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Living in Pink in Georgetown

Did you know that women in the District of Columbia who contract breast cancer have some of the highest mortality rates in the country? I wasn't aware of this startling statistic until I attended Capital Breast Care Center's "The Gift of Life" breakfast benefit at the Grand Hyatt hotel Oct. 13.

My host was Toni Gordon, a Georgetown resident who invited me for the second year to a celebration of her 11-year anniversary as a breast cancer survivor and advocate. "Several years ago my mother was looking for just the right (breast cancer) organization to support" explains Toni's daughter Hayley Gordon-Pivato, also a Georgetown resident, and the two found that after attending the CBCC event together "it was a perfect fit and my mother immediately became passionately and actively involved in CBCC as a volunteer, patron and board member." Last year Toni shared her own story as part of the speaker program at the Gift of Life event and it was touching to be there to celebrate with her.

For the past several years the entire Gordon family including husband Bob and daughters Hayley and Kim have helped to fill tables with friends at the annual event and encourage friends and fellow Georgetowners to do the same, many of whom have now themselves become active supporters. Guests at the Gordon's tables this year included Rebecca Fishman, Lesley Lee, Toni Brody and Constance Chatfield-Taylor. Gordon works on community outreach and awareness and has plans to partner with other organizations to help mitigate DC's breast cancer mortality rate crisis.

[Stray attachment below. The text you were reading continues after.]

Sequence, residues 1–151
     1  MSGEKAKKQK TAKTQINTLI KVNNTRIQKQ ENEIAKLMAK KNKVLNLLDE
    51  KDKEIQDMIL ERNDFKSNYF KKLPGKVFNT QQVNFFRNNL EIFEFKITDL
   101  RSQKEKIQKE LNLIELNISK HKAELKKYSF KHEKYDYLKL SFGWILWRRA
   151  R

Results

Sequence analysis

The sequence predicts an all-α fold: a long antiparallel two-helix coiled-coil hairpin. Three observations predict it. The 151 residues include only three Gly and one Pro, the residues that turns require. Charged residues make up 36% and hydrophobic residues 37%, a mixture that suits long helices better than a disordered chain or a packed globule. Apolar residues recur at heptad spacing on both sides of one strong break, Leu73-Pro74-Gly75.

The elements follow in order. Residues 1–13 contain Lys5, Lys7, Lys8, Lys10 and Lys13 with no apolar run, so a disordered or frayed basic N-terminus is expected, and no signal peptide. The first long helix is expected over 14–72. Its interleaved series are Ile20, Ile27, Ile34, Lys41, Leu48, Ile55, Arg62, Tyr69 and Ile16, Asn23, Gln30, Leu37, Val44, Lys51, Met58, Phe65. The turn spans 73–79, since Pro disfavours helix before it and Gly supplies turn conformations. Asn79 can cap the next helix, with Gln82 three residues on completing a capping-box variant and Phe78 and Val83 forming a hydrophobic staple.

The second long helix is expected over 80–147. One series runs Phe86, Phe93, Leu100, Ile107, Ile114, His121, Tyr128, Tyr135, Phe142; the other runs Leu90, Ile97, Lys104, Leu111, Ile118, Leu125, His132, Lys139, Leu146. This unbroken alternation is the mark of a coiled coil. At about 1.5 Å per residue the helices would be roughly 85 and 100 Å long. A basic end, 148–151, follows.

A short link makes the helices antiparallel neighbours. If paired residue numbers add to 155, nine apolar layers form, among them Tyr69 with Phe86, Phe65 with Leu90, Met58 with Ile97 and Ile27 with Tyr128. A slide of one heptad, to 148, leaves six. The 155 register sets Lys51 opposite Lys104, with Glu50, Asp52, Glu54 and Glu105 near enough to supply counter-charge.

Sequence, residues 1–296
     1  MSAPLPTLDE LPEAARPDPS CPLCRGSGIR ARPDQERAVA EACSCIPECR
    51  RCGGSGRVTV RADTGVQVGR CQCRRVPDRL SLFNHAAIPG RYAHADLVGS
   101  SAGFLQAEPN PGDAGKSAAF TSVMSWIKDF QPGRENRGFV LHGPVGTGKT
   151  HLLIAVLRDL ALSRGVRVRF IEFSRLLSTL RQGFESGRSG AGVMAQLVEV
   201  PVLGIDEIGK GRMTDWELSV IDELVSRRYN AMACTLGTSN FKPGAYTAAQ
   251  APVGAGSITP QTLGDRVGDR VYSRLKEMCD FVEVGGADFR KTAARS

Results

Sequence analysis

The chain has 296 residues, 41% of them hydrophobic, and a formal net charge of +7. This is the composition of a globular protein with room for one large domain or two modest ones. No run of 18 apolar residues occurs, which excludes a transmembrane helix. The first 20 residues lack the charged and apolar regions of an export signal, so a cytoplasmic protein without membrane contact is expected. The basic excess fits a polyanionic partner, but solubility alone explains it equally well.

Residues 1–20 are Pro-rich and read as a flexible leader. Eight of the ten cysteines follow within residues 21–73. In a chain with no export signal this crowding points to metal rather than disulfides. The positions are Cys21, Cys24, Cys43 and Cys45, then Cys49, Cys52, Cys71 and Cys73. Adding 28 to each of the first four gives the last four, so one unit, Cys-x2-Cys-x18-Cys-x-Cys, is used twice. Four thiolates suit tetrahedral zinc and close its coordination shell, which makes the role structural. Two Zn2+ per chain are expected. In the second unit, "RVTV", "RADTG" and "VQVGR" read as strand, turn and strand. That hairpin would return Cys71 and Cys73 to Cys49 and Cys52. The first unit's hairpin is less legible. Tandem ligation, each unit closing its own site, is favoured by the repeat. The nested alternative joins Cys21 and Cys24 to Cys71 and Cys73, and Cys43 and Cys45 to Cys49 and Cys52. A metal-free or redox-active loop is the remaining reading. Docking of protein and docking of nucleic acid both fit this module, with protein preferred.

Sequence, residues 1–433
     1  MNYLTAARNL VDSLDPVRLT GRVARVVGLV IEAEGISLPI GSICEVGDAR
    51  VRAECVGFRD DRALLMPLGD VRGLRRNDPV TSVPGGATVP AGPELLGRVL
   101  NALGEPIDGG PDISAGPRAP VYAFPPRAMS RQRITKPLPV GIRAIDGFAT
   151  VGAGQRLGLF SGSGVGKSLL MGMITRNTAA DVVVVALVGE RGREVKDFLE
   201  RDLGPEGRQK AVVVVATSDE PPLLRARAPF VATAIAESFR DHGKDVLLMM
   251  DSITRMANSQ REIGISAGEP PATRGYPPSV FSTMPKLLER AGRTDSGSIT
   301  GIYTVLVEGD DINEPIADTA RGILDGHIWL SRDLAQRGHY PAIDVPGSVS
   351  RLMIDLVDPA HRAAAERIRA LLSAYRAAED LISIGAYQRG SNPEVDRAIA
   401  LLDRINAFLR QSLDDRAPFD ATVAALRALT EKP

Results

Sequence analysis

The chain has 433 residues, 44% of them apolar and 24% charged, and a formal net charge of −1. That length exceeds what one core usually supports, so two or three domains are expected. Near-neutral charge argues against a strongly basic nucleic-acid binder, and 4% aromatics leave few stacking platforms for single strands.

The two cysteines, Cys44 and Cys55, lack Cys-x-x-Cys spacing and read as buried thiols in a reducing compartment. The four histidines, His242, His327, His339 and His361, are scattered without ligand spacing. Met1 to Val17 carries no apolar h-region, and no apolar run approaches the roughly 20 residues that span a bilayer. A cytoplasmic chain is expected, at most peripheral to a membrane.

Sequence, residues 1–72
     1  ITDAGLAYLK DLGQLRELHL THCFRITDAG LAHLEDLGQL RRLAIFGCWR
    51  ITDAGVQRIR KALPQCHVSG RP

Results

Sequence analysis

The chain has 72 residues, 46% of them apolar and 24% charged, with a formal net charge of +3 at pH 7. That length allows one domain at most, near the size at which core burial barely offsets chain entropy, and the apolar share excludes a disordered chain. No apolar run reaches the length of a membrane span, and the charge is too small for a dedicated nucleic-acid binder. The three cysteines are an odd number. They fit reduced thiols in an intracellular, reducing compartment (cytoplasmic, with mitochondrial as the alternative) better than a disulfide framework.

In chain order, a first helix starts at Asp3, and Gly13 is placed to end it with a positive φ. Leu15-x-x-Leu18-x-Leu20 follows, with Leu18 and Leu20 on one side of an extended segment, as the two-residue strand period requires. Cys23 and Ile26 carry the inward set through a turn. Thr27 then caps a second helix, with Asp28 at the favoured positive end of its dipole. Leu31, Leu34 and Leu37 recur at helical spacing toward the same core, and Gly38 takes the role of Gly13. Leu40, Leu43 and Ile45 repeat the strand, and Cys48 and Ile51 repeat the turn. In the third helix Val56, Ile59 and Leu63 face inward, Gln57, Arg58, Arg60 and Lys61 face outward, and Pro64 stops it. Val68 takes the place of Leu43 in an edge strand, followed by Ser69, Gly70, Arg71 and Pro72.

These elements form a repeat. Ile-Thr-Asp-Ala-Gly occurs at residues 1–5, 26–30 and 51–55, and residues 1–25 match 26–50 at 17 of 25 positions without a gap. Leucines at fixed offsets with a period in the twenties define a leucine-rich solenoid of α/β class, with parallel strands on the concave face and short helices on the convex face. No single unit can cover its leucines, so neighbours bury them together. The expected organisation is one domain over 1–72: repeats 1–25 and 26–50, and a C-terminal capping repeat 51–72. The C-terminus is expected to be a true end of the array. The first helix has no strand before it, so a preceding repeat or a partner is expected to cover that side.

The mission of CBCC is to provide breast cancer screening and health services for women in metropolitan Washington regardless of their ability to pay.

The program included NBC4's Angie Goff as emcee and an impressive lineup of speakers including Congresswoman Debbie Wasserman Shultz, keynote Dr. Felicia Knaul, Director of the Harvard Global Equity Initiative, Carol Kurzig, President, Avon Foundation for Women and former D.C. First Lady Michelle Cross Fenty who serves as the President of the CBCC Advisory Council. Breast cancer survivors and CBCC patients related personal struggles with the illness as well as the healthcare bills and other disruptions of their daily life, for which CBCC offers support and guidance. Claudia Gilmore, founder of related her heartbreaking and hopeful story of having a prophylactic double mastectomy at age 24 after learning she had a 90% chance of contracting cancer later in life.

One of the most important takeaways of the morning (besides the custom pink Georgetown Cupcakes) was the message that every insured woman who uses CBCC for her screening helps to finance screenings for women who can't afford them. Experts suggest annual screenings for women over 40 (in some cases earlier with cancer in the family) so why not take advantage of the expertise and compassion the center's staff offers while preventing another District resident from falling through the cracks of our nation's healthcare system? As someone whose life has been directly affected by breast cancer in my family, I can say that I plan to do everything I can to raise awareness about early screening and the services available to all women in Washington through the CBCC. And…..

Since it is "Pink-tober," here's another great event during Breast Cancer Awareness month: Pink Jams' live music and fashion show "Pink Rocks the Runway 2011" Oct. 21.

For tickets and information:,,